Cogs and Monsters: What Economics Is, and What It Should Be
Diane Coyle
Summary via publisher (Princeton U. Press)
Digital technology, big data, big tech, machine learning, and AI are revolutionizing both the tools of economics and the phenomena it seeks to measure, understand, and shape. In Cogs and Monsters, Diane Coyle explores the enormous problems—but also opportunities—facing economics today if it is to respond effectively to these dizzying changes and help policymakers solve the world’s crises, from pandemic recovery and inequality to slow growth and the climate emergency.

Building the New Economy: Data as Capital
Alex Pentland, et al.
Summary via publisher (MIT Press)
With each major crisis, be it war, pandemic, or major new technology, there has been a need to reinvent the relationships between individuals, businesses, and governments. Today’s pandemic, joined with the tsunami of data, crypto and AI technologies, is such a crisis. Consequently the critical question for today is: what sort institutions should we be creating both to help us past this crisis and to make us less vulnerable to the next crisis? This book lays out a vision of what we should build, covering not only how to reforge our societies’ social contract but also how institutions, systems, infrastructure, and law should change in support of this new order. We invite your comments and suggestions on both the ideas and the presentation, preferably by June 1, 2020 when we will move to make the book more widely available.

Recovery: How We Can Create a Better, Brighter Future after a Crisis
Andrew Wear
Summary via publisher (Black Inc Books)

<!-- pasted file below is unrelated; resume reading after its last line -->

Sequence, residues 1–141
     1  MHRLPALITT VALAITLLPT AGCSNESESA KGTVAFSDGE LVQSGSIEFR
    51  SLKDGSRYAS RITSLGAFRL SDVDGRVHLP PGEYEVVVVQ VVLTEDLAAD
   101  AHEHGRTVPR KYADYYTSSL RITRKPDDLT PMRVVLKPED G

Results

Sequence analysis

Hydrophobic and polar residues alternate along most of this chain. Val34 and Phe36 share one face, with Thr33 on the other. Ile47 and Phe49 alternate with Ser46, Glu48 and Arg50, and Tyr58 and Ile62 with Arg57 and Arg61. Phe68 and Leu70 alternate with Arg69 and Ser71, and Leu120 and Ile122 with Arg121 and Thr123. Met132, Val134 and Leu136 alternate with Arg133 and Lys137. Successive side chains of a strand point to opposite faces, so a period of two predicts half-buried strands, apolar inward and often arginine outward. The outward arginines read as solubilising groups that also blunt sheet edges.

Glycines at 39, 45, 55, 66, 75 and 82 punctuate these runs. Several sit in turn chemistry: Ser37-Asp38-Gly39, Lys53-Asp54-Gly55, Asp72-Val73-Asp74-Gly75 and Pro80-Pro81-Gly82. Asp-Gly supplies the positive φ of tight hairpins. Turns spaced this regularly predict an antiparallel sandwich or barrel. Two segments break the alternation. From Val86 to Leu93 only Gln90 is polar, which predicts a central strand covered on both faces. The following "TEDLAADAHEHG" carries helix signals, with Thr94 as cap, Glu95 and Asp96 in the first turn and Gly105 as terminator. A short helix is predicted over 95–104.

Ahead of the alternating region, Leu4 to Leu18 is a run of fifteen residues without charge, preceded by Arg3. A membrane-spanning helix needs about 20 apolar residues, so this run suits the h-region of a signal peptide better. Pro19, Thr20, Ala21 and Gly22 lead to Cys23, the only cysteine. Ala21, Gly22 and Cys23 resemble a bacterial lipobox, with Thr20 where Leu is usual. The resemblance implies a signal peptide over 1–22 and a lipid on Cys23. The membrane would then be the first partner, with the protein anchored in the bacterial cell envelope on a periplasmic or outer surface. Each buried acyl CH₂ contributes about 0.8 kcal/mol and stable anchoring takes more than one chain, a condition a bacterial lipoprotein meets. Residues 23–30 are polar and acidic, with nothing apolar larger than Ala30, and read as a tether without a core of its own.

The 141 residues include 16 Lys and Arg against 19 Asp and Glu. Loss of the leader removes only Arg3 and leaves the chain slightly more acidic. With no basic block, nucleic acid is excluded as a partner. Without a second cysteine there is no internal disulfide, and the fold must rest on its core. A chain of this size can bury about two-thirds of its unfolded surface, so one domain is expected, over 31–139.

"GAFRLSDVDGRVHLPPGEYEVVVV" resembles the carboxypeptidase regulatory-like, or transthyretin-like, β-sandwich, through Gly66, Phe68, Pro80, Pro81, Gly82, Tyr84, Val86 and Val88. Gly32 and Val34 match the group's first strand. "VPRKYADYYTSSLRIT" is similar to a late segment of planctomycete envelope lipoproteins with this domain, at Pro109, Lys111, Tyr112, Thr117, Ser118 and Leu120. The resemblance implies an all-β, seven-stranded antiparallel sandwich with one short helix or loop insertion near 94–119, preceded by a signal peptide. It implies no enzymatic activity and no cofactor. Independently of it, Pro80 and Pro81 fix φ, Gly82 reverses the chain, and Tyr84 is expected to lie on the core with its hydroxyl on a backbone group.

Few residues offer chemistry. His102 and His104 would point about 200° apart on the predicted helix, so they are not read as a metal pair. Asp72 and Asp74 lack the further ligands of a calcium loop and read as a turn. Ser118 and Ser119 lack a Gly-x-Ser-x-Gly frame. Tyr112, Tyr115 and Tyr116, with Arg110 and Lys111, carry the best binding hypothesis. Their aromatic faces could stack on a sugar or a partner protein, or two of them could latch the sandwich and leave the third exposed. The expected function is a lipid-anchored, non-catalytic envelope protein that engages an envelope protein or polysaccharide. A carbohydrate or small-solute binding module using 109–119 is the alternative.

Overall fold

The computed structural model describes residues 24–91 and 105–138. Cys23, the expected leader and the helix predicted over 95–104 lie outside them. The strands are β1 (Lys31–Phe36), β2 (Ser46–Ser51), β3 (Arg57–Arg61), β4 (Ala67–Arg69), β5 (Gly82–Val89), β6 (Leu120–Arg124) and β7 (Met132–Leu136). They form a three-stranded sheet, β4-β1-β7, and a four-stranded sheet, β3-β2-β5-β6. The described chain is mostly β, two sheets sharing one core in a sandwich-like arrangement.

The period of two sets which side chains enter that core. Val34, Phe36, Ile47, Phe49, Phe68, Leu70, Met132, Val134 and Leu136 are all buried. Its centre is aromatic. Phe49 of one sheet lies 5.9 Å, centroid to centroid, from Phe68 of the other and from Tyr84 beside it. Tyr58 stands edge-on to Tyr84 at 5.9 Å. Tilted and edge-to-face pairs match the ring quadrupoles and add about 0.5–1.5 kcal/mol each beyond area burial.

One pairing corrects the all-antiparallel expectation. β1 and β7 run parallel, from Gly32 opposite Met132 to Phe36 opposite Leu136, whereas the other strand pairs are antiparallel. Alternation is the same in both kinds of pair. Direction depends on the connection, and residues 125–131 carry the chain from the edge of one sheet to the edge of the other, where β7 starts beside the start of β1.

As we emerge from the COVID-19 health and economic crisis, what can we learn from other recoveries? Through interviews with experts, policymakers and community leaders, Andrew Wear examines past recoveries, exploring what went well, what we should do differently and what the lessons might be for the recovery ahead of us. With governments prepared to lead, listen to experts and involve communities in decision-making, not only is a successful recovery possible – we can also choose to reconsider things we thought were fixed.

The Elements of Choice: Why the Way We Decide Matters
Eric J. Johnson
Review via Publishers Weekly
People’s choices are not entirely their own making advises Johnson (Decision Research), the director of Columbia Business School’s Center for Decision Sciences, in this energetic survey. Dissatisfied with how decision research and behavioral economics usually focus on showing people as bad decision-makers, he takes aim instead at those who influence decisions in order to better guide consumers towards more informed choices. People will usually choose the “plausible path” that contains the most accessible credible information, Johnson writes, and presents a slew of stories about how these plausible paths are made.

Making a Killing: States, Banks, and Terrorism
Ian Michael Oxnevad
Summary via publisher (McGill-Queen’s U. Press)
The international financial system is not only economic, but political. Making a Killing explores the often-overlooked world of terrorist financing and the involvement of the international banking system. In order to address the threat of terrorist organizations in a post-9/11 world – and how they are funded and financed in particular – the international community has constructed a vast architecture of counterterrorist finance laws, policies, and institutions.

Please note that the links to books above are affiliate links with and James Picerno (a.k.a. The Capital Spectator) earns money if you buy one of the titles listed. You will not pay extra for a book even though it generates revenue for The Capital Spectator. By purchasing books through this site, you provide support for The Capital Spectator’s free content. Thank you!